Under pressure from Wall Street, Plank somewhat loosened his management control and Under Armour brought Frisk on board in the summer of 2017 to spearhead a $200 million, three-year restructuring program to re-engineer and streamline the business.
In order to get back on track, Under Armour will depend more on data and less on “gut” as it works to gain a larger share of the $92 billion athletic apparel and footwear market of its target consumer. The entire market represents $280 billion but Under Armour is focused on the competitive and weekend warrior athlete.
“That’s a lot of runway for a brand at $5 billion,” said Frisk.
Plank said Wednesday that the company is in better shape in part because it has reduced its product offering to eliminate redundancies, upgraded its systems and has a better handle on what its consumer wants from the company. Its mission is to provide products customers didn’t know they wanted and then realize they can’t live without, he said.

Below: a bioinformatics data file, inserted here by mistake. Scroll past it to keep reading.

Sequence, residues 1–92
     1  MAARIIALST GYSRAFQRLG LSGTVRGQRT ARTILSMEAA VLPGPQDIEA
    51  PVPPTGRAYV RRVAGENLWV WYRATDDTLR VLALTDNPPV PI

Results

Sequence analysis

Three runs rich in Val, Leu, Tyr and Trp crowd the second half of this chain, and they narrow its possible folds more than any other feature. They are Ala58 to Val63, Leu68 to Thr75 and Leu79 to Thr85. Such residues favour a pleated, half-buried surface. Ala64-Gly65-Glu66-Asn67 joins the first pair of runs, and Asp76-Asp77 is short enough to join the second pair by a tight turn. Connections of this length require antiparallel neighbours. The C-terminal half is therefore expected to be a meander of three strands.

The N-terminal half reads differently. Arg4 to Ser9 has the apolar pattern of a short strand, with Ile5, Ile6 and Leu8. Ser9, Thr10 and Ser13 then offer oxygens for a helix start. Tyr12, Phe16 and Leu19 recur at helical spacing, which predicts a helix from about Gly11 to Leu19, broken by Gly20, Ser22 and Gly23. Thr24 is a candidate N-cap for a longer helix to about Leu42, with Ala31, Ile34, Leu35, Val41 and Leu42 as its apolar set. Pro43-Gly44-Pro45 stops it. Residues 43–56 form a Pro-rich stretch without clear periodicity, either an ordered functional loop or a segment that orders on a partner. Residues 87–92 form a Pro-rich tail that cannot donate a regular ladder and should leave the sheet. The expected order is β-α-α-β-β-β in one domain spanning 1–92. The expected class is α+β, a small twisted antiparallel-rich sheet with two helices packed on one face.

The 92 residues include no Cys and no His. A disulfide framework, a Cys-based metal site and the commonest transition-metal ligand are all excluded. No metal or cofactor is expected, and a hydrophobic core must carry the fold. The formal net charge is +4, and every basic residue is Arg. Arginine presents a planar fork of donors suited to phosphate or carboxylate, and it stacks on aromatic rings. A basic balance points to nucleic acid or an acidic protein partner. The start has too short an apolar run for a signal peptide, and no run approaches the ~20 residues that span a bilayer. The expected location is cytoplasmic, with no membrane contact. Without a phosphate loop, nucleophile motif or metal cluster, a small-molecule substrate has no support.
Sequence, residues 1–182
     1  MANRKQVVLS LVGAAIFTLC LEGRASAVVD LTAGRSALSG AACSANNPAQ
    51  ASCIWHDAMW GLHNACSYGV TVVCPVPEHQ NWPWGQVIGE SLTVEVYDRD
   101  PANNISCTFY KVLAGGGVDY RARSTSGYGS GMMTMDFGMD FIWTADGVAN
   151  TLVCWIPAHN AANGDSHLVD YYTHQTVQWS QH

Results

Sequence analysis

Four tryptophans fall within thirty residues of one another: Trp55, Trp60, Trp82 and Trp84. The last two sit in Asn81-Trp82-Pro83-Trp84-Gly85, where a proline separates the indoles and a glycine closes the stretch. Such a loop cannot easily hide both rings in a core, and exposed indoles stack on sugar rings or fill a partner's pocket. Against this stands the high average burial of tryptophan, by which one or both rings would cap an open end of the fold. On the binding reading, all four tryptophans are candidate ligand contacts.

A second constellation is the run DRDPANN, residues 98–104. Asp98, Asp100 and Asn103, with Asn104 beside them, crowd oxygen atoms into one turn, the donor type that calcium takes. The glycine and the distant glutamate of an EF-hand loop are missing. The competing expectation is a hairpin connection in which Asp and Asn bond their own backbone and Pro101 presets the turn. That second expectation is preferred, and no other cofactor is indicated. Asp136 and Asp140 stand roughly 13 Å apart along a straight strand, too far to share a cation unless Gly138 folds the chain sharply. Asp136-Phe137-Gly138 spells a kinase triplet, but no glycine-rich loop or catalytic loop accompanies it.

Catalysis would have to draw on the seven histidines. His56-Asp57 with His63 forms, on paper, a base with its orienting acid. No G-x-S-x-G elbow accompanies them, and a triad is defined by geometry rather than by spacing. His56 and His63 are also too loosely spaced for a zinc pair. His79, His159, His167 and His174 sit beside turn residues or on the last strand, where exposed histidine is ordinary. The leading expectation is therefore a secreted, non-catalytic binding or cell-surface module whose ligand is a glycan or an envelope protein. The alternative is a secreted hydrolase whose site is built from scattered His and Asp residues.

“It’s not a God-given right that we get to exist,” Plank said. “We have to earn that every day.”
Frisk said the goal is to “correlate innovation with commercialization.” And to achieve that, the company needs to be “laser-focused on execution” in 2019 and beyond.
Under Armour recently gained a lot of consumer insight by surveying 22,000 shoppers in the U.S., Europe and China and identified its target as the “focused performer,” or the person who is athletically oriented but has a complete life that revolves around things other than sports.
This consumer is also changing rapidly and to address this, Under Armour’s product development team is working quicker, with lead times dropping from 22 months to 17. This will make the company more profitable, Frisk said.
Looking ahead to 2023, he said the focus will be on being “consumer-centric,” strategically aligned and balanced, structurally sound, more predictive and better tuned into the international market — strategies that will ultimately drive better financial performance.
While international — notably Asia Pacific and Europe — are seen as major opportunities, North America continues to represent the bulk of the company’s business.
Here, Under Armour’s strategic plan to gain a larger share of the $95 billion athletic apparel and footwear market includes reducing promotions and elevating the brand to a more-premium position once again. That’s not to say that it will move away from its good-better-best strategy, but in each channel, it will be the premium offering. In fact, the company has cut one-third of the promotional events in North America compared with 2017, a trend that it sees continuing.